Jul 28, 2008
18
0
it feels good

why i ever started i couldnt tell you, but why i do it now is simple. our local LL is full of parents/coaches trying to prove to the community that they are the greatest. most times it is only so they can be in charge of what their own dd learns. i was chased out of LL for standing up to a tyrant coach, who just happened to be a board member, and a huge financial contributor. i was tired of the harsh demeanor she showed to everyone including the girls. she even told her own dd to stick her hand out into the strike zone to draw the walk, needed to win at all cost. felt bad for her dd, my own dd took her out for the remainder of the season. this started my LL decent. i look back now and know that everything happens for a reason. i found asa for my dd before the season was over.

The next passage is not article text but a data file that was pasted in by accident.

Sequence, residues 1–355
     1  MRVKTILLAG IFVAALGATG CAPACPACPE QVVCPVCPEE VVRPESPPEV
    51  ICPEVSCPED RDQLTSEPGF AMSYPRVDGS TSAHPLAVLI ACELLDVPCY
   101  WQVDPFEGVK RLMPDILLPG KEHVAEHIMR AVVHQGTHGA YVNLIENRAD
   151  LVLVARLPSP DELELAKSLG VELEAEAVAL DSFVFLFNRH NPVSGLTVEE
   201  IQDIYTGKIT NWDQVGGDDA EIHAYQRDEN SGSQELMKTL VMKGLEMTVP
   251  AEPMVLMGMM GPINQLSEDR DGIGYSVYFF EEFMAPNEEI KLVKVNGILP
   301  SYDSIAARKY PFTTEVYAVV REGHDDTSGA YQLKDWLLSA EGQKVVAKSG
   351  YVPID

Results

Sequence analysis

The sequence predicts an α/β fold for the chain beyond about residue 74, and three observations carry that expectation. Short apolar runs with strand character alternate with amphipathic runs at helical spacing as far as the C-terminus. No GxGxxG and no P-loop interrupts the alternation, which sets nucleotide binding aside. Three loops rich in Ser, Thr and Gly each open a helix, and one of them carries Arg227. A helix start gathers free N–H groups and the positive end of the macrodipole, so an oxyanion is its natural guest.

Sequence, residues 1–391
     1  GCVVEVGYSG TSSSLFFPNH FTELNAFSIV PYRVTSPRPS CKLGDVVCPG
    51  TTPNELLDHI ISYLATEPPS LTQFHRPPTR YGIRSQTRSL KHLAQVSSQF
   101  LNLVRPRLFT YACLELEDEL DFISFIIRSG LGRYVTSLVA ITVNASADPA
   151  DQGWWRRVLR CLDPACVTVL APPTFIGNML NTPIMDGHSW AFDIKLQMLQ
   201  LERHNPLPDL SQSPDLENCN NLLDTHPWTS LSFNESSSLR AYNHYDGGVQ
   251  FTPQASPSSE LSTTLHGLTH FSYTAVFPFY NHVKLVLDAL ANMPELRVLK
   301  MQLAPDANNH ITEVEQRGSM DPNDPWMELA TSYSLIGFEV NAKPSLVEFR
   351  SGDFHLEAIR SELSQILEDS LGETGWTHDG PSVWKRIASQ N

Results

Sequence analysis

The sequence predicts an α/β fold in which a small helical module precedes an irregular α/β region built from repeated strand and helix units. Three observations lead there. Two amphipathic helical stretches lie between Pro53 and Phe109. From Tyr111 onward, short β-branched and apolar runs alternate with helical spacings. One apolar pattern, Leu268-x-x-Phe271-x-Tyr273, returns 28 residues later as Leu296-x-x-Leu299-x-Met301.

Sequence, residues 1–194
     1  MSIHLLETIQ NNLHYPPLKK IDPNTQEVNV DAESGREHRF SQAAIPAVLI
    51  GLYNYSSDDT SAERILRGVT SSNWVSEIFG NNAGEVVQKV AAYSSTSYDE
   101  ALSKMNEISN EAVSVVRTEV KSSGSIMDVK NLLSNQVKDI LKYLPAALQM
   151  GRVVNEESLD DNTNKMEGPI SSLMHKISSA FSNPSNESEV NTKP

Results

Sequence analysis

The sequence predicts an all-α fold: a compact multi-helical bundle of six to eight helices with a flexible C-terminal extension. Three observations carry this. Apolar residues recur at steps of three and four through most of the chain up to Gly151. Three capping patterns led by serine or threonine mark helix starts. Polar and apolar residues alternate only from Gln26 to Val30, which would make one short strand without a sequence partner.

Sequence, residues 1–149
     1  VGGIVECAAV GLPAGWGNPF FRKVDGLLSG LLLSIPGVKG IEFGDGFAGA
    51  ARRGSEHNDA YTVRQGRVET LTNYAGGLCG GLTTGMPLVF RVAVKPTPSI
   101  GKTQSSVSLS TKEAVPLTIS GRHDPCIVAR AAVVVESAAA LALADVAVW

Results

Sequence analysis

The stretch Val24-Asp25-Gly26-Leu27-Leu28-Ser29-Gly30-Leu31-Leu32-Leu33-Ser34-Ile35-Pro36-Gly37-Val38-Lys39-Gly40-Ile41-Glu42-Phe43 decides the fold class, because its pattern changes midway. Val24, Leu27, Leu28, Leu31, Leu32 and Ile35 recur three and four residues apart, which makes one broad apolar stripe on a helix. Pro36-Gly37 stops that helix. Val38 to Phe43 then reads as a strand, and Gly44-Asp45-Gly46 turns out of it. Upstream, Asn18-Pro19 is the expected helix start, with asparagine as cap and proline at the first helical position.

as to why i love coaching its simple, i love watching a girl getting her first hit to get on base safe. some of those smiles are etched in my mind for ever.
the best compliment i ever recieved as a coach was when i moved to another town and 3 of the girls on my old team followed me just to be part of my new team..
 
May 5, 2008
358
0
Got started because I wanted to give the players I worked with the things that weren't given to me at their age. Things that I wished people had told me.

I also wanted them to enjoy the game as much as I did as a player which, for me, meant helping them become the best they could be and achieve as much as they could as players.

I wanted them to learn all those awesome life lessons I learned from playing softball.

That's why I started coaching...just so happened I mentioned to someone that I was thinking of coaching and that someone happened to know the coach I'm on staff with now. He told this coach I was looking to help out somewhere and the coach, who remembered me as a player, called me because he wanted to have me on board and the rest is history.

But that's why and how I got started...looking forward to seeing other responses.